Rob Neyer links an interesting story on ESPN about the Brewers seeing interestingly large attendance numbers this year, despite being out of the playoff race. Here's a quote from his post:
"I believe that attendance can basically be explained by four things: market size, performance, ballpark, and payroll. But one occasionally finds anomalies, and I believe those anomalies are worth more study. Because I don't think anyone's yet explained why the Brewers, an unexciting team in the 39th biggest metropolitan area in the United States can outdraw all but seven teams in the major leagues."
Neyer asks some very interesting questions here. While market size does describe a lot of variance in attendance, it's an arbitrary term. Market size is only one part of the equation here. But, there are different fan interests in different cities. Why would a hockey team do better in Hamilton than Phoenix? Putting aside any differences in population/metropolitan area size, Hamilton is a hockey town, Phoenix is in the desert. There are differences there. You also have to look at the substitutes. Milwaukee has no other teams playing in the summertime. Their basketball team is terrible. Brett Favre is gone from Green Bay. In addition, it's likely that fans in different cities respond differently to winning (just look at the Cubs!). Finally, ticket prices could have an influence on the number of tickets sold (aka Attendance). We've got to remember our old Price vs. Quantity demand function and optimization pushed into the back of our mind from Intro to Econ (though, I don't know if it's a factor here, and guaging actual ticket prices is trickier than you'd think).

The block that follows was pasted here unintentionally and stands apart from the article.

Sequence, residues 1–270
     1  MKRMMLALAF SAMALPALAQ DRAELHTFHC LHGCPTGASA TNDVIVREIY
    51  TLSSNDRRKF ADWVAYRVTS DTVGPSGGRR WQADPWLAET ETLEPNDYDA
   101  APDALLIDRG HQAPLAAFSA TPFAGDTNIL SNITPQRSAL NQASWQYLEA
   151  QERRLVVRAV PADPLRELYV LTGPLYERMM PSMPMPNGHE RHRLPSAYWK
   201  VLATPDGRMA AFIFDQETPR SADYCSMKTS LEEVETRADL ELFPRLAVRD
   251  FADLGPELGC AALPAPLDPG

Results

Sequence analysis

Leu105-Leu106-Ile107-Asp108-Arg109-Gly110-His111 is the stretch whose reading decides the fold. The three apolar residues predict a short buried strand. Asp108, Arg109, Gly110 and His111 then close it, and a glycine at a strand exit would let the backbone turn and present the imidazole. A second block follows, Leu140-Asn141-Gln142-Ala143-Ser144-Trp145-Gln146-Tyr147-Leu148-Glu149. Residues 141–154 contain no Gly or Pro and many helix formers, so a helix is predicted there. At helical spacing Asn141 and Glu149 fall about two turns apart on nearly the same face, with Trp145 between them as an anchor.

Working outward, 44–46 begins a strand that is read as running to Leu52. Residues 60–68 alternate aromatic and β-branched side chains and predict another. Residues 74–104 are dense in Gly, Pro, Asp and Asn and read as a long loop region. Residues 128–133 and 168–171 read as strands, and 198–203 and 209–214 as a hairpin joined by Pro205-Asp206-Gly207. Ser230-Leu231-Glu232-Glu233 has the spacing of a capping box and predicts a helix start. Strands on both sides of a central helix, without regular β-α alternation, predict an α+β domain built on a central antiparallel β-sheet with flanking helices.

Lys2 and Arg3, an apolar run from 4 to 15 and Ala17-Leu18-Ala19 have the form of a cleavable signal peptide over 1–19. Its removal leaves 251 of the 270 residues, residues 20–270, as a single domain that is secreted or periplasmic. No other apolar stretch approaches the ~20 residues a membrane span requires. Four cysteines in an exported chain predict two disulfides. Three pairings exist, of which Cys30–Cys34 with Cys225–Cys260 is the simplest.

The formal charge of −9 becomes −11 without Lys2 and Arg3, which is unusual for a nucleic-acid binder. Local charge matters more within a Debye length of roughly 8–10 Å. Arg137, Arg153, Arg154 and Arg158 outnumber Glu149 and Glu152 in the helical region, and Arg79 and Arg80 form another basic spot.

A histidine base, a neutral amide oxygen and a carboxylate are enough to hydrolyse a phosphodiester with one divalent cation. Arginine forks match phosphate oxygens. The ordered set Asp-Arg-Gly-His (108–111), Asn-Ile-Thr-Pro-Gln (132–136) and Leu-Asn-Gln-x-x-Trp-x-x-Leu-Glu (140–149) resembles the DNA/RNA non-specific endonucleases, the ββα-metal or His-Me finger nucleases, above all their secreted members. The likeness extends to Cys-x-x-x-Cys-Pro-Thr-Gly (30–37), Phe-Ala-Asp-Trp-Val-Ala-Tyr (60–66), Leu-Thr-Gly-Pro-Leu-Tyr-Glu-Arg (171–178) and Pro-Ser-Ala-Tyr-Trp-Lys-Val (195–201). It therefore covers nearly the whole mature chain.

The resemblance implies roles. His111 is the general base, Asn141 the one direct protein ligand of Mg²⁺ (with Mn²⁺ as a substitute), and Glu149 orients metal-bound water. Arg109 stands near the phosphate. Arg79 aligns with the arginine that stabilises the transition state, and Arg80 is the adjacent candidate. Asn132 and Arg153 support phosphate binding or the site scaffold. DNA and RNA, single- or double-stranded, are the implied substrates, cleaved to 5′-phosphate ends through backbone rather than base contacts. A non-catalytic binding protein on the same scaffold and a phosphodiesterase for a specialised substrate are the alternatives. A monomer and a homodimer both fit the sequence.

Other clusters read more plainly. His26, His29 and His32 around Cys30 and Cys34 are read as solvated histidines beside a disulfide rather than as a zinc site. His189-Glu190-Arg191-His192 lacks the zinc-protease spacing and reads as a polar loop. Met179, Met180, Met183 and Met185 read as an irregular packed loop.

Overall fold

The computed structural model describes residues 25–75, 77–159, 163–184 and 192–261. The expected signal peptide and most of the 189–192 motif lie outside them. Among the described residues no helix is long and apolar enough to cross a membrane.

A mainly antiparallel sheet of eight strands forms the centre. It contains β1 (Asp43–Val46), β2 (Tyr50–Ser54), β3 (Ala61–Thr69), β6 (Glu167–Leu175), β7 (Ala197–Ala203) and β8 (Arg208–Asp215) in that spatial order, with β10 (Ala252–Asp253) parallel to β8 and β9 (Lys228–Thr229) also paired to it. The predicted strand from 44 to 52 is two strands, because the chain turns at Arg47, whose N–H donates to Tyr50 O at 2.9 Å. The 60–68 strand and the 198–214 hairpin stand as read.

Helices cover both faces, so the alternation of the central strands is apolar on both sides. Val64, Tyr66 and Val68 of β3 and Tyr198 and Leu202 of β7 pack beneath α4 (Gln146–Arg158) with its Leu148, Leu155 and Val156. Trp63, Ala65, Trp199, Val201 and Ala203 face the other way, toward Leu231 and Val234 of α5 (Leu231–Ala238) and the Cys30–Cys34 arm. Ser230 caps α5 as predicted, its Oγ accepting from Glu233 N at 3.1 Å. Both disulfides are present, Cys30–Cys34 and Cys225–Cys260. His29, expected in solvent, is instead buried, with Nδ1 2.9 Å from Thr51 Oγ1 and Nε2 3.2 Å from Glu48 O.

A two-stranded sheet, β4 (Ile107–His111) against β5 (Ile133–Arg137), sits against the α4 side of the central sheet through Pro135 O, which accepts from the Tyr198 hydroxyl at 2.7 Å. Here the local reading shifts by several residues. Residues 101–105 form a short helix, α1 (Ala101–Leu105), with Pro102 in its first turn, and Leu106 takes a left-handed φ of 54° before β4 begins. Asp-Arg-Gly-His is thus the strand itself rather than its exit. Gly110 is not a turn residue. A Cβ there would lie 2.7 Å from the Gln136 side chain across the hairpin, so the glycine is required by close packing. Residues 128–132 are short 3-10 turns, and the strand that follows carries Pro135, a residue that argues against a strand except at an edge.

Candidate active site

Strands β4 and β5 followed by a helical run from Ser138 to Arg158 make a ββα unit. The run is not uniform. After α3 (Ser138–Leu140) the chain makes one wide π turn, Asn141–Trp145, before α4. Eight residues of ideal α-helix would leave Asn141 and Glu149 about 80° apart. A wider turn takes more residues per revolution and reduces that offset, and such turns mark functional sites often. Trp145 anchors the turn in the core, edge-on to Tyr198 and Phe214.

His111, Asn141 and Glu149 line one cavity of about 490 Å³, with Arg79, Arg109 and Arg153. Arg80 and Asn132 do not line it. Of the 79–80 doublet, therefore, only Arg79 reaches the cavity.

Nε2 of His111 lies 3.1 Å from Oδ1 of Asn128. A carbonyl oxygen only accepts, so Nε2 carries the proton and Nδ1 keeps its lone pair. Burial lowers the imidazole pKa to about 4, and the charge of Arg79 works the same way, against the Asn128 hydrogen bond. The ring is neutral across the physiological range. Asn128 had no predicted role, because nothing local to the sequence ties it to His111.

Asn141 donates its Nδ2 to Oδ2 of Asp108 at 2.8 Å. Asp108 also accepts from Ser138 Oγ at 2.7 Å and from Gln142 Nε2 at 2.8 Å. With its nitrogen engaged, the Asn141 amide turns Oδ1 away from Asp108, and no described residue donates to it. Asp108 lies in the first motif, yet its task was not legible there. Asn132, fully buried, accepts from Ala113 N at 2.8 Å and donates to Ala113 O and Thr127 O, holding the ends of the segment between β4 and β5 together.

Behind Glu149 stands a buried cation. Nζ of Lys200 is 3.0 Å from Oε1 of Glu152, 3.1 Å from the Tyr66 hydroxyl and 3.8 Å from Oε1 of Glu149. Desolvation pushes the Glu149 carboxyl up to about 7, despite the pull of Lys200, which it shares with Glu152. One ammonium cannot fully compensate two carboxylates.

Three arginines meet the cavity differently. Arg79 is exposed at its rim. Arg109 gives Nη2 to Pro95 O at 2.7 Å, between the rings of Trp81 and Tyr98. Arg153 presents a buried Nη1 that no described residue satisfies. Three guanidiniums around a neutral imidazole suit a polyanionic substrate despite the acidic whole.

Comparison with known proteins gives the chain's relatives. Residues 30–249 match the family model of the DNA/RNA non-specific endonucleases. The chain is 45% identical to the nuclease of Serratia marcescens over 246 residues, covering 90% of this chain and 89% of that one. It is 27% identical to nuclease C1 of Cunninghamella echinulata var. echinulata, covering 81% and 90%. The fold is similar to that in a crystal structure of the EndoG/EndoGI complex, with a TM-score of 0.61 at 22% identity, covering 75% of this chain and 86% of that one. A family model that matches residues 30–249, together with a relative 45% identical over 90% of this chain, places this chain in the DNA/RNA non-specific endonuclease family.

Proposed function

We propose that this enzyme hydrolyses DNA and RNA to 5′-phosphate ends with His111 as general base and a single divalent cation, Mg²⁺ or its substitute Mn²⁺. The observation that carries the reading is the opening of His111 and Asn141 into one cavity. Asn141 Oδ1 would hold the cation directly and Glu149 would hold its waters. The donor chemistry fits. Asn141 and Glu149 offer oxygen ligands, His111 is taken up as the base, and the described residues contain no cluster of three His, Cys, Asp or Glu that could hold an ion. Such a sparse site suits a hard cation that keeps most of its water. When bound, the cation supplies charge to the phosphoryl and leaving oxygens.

I mostly agree with Neyer, but I'm working on some stuff in 'school' that we might want to check out when investigating demand in sports (not ticket pricing ifself, though that should be included). Unfortunlatey, much of it is not for me to say on a Blog. I just wanted to point out the success Milwaukee is having and how anomolies can really be fun to ponder.